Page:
Making “sense” of speech with Curriculum Learning Methods

Humans need about two decades to be trained as fully functional adults of our society. Quite some time and still pretty fast in contrast to where we are, if we want to copy the learning curve from a human to a computer. How can the machine learn like a child?

In SELMA, we are working on creating a knowledge base without the limitation of language barriers, for example when almost no training data is available. We are using a direct method (a so-called “end-to-end-approach”) to get semantic concepts from the speech audio signal. 

Since we aim to build a multilingual platform with more than 30 low-resourced and high-resource languages, we need to think of techniques that include all languages, no matter how small and rare they are. To overcome the lack of training data for many spoken languages, we use the transfer learning strategy (learning from a high-resourced language to a lower-resourced language) based on the principles of curriculum learning.

Learn like a child – The Origin of Curriculum Learning

That training is highly organized and based on an education system and a curriculum that introduces different concepts. It also exploits previously learned concepts to ease the learning of new abstractions. By choosing the examples and in which order to present them to the learner, the training can be guided accordingly to remarkably increase the speed at which learning effects occur. 

As early as 1993, research at the intersection of cognitive science and machine learning has raised the question of whether the machine learning algorithms may benefit from a similar training strategy as a human child.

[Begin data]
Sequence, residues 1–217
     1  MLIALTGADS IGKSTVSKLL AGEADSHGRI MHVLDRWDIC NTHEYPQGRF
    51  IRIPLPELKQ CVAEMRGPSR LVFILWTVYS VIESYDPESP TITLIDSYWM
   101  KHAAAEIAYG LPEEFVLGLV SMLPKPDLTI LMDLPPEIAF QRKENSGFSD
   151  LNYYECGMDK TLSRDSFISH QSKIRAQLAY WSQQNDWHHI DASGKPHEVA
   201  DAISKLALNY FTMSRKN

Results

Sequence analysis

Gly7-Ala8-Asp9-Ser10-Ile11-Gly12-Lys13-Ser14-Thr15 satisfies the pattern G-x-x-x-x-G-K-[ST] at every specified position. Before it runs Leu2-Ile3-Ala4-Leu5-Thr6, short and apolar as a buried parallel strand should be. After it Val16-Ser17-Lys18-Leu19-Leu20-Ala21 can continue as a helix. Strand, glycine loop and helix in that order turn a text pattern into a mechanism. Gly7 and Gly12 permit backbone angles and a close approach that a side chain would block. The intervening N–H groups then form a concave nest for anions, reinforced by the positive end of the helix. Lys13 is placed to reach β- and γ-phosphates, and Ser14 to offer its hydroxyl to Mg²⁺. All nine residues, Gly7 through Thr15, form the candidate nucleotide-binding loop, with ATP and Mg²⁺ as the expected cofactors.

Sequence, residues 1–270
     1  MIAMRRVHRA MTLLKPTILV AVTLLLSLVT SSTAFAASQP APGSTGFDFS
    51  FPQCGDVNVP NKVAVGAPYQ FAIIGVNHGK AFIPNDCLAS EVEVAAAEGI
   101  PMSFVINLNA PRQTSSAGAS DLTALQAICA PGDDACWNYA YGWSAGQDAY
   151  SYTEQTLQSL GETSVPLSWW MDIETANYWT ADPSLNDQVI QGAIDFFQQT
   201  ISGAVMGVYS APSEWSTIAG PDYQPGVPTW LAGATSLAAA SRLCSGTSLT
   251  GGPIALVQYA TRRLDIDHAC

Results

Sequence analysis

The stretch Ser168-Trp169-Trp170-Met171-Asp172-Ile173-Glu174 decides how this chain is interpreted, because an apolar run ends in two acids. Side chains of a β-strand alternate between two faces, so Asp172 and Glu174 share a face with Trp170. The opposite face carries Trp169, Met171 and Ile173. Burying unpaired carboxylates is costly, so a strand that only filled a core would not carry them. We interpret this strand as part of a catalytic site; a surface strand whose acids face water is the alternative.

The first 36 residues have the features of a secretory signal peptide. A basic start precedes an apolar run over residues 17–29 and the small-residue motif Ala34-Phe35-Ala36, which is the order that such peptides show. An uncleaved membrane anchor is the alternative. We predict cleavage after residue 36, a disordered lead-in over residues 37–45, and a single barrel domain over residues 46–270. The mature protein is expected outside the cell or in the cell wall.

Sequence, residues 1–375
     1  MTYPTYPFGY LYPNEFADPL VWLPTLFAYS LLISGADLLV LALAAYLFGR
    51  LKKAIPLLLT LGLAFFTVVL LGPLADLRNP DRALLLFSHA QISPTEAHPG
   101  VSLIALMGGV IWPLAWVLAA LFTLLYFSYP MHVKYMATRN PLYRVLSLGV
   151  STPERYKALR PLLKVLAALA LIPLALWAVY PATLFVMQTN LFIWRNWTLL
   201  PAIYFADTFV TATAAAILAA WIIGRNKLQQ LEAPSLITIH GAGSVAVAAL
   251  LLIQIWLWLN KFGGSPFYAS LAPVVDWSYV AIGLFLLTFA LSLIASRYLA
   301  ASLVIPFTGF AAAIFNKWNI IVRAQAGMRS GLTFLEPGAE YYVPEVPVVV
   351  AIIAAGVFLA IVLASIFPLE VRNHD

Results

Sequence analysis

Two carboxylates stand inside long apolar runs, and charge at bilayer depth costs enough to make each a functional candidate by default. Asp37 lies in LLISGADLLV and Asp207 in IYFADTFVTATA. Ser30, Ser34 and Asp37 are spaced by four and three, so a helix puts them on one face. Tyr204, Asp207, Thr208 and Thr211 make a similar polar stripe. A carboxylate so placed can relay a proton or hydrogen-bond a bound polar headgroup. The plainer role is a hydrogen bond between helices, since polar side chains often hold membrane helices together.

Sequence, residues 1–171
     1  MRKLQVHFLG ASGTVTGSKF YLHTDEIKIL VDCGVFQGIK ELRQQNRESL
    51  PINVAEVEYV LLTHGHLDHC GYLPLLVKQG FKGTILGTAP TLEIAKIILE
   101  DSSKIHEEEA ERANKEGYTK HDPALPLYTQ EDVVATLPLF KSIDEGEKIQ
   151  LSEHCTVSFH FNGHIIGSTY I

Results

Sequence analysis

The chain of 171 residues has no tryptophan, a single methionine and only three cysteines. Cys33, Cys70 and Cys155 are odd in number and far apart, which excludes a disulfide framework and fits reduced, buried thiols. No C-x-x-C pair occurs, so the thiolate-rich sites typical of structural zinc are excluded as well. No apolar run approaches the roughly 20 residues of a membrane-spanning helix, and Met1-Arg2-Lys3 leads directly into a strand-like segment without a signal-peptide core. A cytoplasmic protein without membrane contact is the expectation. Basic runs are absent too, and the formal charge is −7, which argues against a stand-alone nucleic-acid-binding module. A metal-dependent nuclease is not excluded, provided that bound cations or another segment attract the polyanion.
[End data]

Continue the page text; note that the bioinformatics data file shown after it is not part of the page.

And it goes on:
Nowadays, this approach is widely accepted and established. The idea of curriculum machine learning states:

Start small, learn easier aspects of the task or easier sub-tasks, and then gradually increase the difficulty level.

Basically, this approach consists of ordering training samples without modifying the neural architecture during the training process.

In SELMA, we adopt this approach to design a sequence of transfer learning processes, from a general task to the target specialized task. Commonly, a large amount of data is needed to train a spoken language understanding end-to-end neural model from speech. Applying transfer learning allows us to deal with the lack of data related to the target task.

Do you want to know more about this method? Read: 

  • Y. Bengio, J. Louradour, R. Collobert, and J. Weston, “Curriculum learning,” in International Conference on Machine Learning, Montreal, Canada, 2009, pp. 41–48)

Some more terms – SLU, NLP, ASR 

SLU stands for spoken language understanding and is a term that refers to different natural language processing (NLP) tasks applied to spoken language. For instance, these tasks can be named entity extraction such as names, places, and persons. Better quality of automatic transcriptions leads to better automatic speech recognition (ASR) and altogether to better performance of the whole NLP system. That’s why thanks to the significant advance in automatic speech recognition, mainly due to advances on deep neural networks for both acoustic and language modeling, the performance of SLU systems has made massive progress in the last few years.

Article extracted from Caubrière, A., Tomashenko, N., Laurent, A., Morin, E., Camelin, N., & Estève, Y. (2019). Curriculum-based transfer learning for an effective end-to-end spoken language understanding and domain portability. In Proceedings of Interspeech 2019, Graz, Austria